The idea that she's an ex-smoker wouldn't bother me too much. Maybe a little twinge, but I'd get over that no problem. But a current smoker, even one who intends to quit, who is in the process of quitting... I could be friendly, I could be supportive, I could be a great guy, I could even conclude in a dry rational way that I would find her attractive after she quits, but I can't find her attractive.

(All the female pronouns would apply equally to males, though I started with talking about females simply because the lizard-brain-appreciating-eye-candy thing only happens for females for me, and that's how the post started.)

There's nothing wrong with being turned off by the idea of smoking, but it doesn't make much sense for it to be such a complete veto of everything else, no matter how it goes, and to be so inflexible even if the person is otherwise a complete turn-on and even if the person is actively working on quitting. I'm not even sure why I am this way, but I am, and I just can't help it. I guess it's an anti-fetish.

Tuesday, July 07, 2009

Sims 3

Siobhan's a big Sims fan and when Sims 3 came out, I just kept quiet and hoped she wouldn't notice. That's because it happened a few weeks ago while I was deep in the worst part of the relentless crush of work and stress, and I couldn't afford to lose her. So instead I promised (well, not out loud, mostly to myself) that once things started to ease up, I would buy it for her for her birthday, and the other half of the gift -- the expression of appreciation for all the extra work she took on to help ease my burden, and my stress, and for putting up with it -- would be that I would not mind if she then disappeared into Sims 3 for a while.

Of course that means just as I'm coming off the crush, instead of getting to kick back and relax and recover, I will have to resume my normal work level. But that's not so bad. While I wouldn't mind a week to do nothing, frankly I get a little antsy when I try to do nothing anyway. So instead what I'll get is, once work can live without me, a week off from work. I'll spend it at home doing stuff, but the stuff I want to do.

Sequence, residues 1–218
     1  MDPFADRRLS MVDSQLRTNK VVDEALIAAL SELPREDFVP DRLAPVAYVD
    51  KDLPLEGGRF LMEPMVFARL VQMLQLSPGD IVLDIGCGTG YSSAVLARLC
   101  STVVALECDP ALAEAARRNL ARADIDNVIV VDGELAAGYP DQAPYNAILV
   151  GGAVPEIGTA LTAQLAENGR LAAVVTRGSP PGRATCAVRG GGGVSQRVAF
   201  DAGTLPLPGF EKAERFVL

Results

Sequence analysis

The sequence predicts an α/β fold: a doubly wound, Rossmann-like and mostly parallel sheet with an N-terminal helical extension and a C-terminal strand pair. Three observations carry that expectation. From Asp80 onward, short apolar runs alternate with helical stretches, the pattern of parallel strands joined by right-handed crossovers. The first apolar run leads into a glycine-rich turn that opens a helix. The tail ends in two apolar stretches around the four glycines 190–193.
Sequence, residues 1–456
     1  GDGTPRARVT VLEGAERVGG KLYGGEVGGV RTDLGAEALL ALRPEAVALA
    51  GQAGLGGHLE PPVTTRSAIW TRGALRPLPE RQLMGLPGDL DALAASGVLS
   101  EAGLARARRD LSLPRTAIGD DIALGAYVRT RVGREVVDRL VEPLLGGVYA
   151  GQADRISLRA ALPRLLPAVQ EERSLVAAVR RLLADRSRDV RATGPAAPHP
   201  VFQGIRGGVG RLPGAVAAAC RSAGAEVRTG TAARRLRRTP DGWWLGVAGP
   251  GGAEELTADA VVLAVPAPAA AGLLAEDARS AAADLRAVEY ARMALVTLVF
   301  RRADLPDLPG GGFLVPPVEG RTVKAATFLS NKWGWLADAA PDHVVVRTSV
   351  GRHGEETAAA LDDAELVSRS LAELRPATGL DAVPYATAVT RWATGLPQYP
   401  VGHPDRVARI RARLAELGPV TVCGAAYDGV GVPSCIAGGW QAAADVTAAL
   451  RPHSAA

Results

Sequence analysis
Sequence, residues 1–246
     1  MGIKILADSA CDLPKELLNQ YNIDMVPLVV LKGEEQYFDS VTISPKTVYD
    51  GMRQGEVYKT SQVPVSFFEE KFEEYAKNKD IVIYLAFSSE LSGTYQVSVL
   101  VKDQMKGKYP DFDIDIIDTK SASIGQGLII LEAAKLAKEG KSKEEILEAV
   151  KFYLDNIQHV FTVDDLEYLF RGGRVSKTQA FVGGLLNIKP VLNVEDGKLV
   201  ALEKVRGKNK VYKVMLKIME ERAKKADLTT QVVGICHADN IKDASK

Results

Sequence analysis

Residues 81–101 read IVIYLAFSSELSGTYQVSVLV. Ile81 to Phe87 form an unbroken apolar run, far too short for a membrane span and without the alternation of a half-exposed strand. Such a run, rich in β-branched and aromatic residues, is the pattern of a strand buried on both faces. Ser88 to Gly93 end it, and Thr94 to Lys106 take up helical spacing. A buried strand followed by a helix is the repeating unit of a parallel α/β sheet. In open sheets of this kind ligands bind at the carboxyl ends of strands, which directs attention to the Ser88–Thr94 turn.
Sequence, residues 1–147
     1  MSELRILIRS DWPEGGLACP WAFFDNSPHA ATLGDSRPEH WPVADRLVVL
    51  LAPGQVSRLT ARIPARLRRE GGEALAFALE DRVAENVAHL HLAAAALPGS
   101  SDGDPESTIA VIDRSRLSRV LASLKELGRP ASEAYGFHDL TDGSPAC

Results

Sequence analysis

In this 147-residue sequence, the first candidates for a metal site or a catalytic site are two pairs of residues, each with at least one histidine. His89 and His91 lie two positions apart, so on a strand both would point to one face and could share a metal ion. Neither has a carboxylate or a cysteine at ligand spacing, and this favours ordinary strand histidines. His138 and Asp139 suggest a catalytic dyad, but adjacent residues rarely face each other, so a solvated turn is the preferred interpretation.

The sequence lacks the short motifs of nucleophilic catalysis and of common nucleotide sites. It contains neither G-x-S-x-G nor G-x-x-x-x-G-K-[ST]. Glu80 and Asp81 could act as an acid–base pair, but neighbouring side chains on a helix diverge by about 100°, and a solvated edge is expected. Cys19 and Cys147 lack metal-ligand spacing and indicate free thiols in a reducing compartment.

After we bought Sims 3 at Best Buy this weekend, and I was thinking about the likelihood that Siobhan would vanish into it for a while, I realized an extra benefit. For maybe the first time in my life, there's a game I want to be playing, and sometimes when I'd like to, I can't because the TV is already occupied. If Siobhan vanishes into the Sims, I will have the TV to myself!

Of course, the falling-down point turns out to be that Siobhan's computer needs a reformat and reinstall of everything, which we started this past weekend, to get it stable enough to run Sims 3 (and anything else). It's been a long time and several hardware changes since it was last wiped and reinstalled. And that process is bogged down because of Microsoft having its collective head up its collective arse about validation (it insists our perfectly legitimate authorization code, which is still printed on a sticker on an OEM computer case in our house, isn't valid). But when it's done, she should have both Sims 3 and everything else a lot more stable and clear of the cruft that accumulates in the nooks and crannies of Windows.

Monday, July 06, 2009

Rock Band tracks

When work and the dog aren't keeping me busy, I haven't had enough energy to do the sorts of things I usually do, like projects, writing, or even woodcutting (my new chainsaw remains unused on my workbench). Instead, when the TV was available to play it, I've spent the odd hour or three playing Rock Band, mostly drums.

After a bit of careful and patient low-ball bidding on eBay, I got the Rock Band Track Pack 2, and the Rock Band Classic Rock Track Pack, both for a pretty good price and with the download codes by which I could add the tracks to my copy of Rock Band. I also bought track packs online: the complete album Moving Pictures by Rush, and The Singles by No Doubt. So now I have a lot more tracks, including a lot more classic rock songs I know.

That's not always a good thing. Sometimes I find myself playing the actual song instead of the subset of the drumbeats that they chose for the Easy or Medium mode I'm playing, and getting points off for playing the "wrong" notes. This happens a lot with Rush, since drumming a Rush song even in Easy mode is usually quite challenging but also kind of entrancing -- I literally feel like I'm in a meditative state by the time it's done, and sometimes I stop noticing that I'm staring at the screen (even as my focus on it is at its sharpest). I noticed this particularly with the song "The Camera Eye" (a great song for Rock Band drumming, it turns out, though I would never have guessed that compared to the more obviously drum-intense ones like "Tom Sawyer").